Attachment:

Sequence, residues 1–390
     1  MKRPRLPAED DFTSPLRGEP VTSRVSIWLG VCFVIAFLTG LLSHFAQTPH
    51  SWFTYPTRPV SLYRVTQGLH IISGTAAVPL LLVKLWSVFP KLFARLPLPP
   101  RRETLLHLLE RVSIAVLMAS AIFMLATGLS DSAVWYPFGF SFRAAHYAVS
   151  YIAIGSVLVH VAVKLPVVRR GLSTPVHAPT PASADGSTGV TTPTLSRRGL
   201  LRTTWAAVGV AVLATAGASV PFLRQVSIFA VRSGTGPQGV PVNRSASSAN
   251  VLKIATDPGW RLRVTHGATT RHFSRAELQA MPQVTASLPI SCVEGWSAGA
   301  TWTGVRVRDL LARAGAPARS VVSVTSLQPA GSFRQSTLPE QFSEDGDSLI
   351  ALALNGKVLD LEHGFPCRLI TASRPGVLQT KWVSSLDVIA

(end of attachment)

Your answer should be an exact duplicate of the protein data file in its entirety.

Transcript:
Sequence, residues 1–390
     1  MKRPRLPAED DFTSPLRGEP VTSRVSIWLG VCFVIAFLTG LLSHFAQTPH
    51  SWFTYPTRPV SLYRVTQGLH IISGTAAVPL LLVKLWSVFP KLFARLPLPP
   101  RRETLLHLLE RVSIAVLMAS AIFMLATGLS DSAVWYPFGF SFRAAHYAVS
   151  YIAIGSVLVH VAVKLPVVRR GLSTPVHAPT PASADGSTGV TTPTLSRRGL
   201  LRTTWAAVGV AVLATAGASV PFLRQVSIFA VRSGTGPQGV PVNRSASSAN
   251  VLKIATDPGW RLRVTHGATT RHFSRAELQA MPQVTASLPI SCVEGWSAGA
   301  TWTGVRVRDL LARAGAPARS VVSVTSLQPA GSFRQSTLPE QFSEDGDSLI
   351  ALALNGKVLD LEHGFPCRLI TASRPGVLQT KWVSSLDVIA